And those who were hospitalized were not necessarily Covid holdouts, so fearful of contagion that they came only when they were at death’s door. Analyzing hospital mortality rates, Dr. Birkmeyer and his colleagues found that apart from a small bump during the early weeks of the pandemic, hospitalized patients without Covid-19 were not dying more than they were before.
Moreover, as the pandemic wore on, fears of getting infected at the hospital may have begun to dissipate. By June, patients were going back to their doctors’ offices, with some specialists like dermatologists experiencing more demand for in-person visits than previously. “If dermatology visits are higher than pre-Covid levels,” said Jonathan Skinner, senior author of the study and a professor of economics at Dartmouth College, “I can’t imagine people not showing up at a hospital if they are having a stroke.”
The most likely explanation for persistent lower hospitalization rates “may simply be that fewer patients are getting sick in the first place,” Dr. Birkmeyer posited. Statewide stay-at-home orders aimed at curbing the coronavirus resulted in a dramatic drop in human activity and a concomitant improvement in air quality across the country. Poor air quality is linked not only to respiratory diseases like asthma and emphysema but also to other illnesses like strokes and heart attacks. Recent reports from around the world have noted decreases in hospitalizations for heart attacks and non-Covid viral respiratory illnesses like influenza during regional lockdowns and quarantines.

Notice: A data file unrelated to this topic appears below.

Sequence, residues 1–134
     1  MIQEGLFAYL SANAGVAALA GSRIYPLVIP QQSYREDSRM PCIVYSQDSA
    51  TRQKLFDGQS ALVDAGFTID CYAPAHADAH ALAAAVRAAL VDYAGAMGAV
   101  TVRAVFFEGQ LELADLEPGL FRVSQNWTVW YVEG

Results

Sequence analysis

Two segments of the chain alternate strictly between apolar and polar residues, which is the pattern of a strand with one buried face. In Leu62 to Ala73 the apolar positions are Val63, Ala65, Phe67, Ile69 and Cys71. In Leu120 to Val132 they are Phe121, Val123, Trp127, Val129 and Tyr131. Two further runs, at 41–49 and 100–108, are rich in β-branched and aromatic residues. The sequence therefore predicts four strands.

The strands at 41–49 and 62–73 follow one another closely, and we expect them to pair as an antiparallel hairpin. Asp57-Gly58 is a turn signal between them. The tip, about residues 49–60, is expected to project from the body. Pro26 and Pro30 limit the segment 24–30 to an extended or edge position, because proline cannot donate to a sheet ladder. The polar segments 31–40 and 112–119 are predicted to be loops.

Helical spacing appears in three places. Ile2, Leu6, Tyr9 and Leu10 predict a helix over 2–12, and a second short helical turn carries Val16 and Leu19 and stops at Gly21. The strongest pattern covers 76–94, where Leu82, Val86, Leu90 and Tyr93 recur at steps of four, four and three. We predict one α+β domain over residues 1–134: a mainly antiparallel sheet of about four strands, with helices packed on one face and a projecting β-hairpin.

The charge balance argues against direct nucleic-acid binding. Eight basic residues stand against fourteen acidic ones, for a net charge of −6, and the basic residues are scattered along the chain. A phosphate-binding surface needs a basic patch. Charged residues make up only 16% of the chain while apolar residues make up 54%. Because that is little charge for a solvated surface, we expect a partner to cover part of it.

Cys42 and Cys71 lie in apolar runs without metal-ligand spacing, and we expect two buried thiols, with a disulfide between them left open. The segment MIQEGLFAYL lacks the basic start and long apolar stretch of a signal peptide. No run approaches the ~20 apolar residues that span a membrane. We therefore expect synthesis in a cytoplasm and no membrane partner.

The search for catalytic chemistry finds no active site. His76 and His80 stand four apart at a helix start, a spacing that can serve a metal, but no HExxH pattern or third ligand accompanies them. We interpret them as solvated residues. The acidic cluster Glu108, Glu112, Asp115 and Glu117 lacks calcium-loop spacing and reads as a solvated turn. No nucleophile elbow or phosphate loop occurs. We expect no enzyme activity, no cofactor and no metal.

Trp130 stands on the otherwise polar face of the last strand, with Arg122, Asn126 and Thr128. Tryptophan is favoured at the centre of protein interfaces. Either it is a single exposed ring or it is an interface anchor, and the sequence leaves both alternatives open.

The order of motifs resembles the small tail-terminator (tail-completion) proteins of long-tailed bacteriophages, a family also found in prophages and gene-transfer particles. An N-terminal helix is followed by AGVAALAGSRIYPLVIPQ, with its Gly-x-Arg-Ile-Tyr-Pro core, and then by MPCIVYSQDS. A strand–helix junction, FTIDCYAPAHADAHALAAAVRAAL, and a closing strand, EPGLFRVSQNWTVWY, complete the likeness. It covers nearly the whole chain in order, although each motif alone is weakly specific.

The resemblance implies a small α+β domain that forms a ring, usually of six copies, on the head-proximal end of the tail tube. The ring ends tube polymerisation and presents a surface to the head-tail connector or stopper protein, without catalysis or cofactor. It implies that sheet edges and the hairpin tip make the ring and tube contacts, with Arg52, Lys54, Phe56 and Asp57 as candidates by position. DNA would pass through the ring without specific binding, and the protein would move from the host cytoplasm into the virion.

Research over the years has also shown that during recessions and periods of higher unemployment, people may at least temporarily adopt healthier behaviors. Individuals may smoke and drink less, get more exercise, improve their diet, lose weight and have less stress related to work or commuting.
Recent public health efforts to promote wearing masks and frequent hand-washing have also probably lowered the transmission rate of other viruses and bacteria that can be responsible for colds, pneumonias and the life-threatening infections or exacerbations of asthma and emphysema. “People keep saying, ‘Hey, I don’t remember the last time I had a cold,’” Mr. Skinner noted. “It’s because no one is hugging or shaking hands, and everyone is washing their hands.”
The published study followed hospitalization trends only through July, but the researchers have continued to gather data which shows that depressed hospital admission rates are persisting into the fall. While both Dr. Birkmeyer and Mr. Skinner concede that more work needs to be done, their study makes clear that the pandemic has had significant public health and public policy implications beyond those directly related to Covid-19.
“All of the things we are doing to reduce Covid shouldn’t necessarily disappear once we have a vaccine,” Mr. Skinner reflected.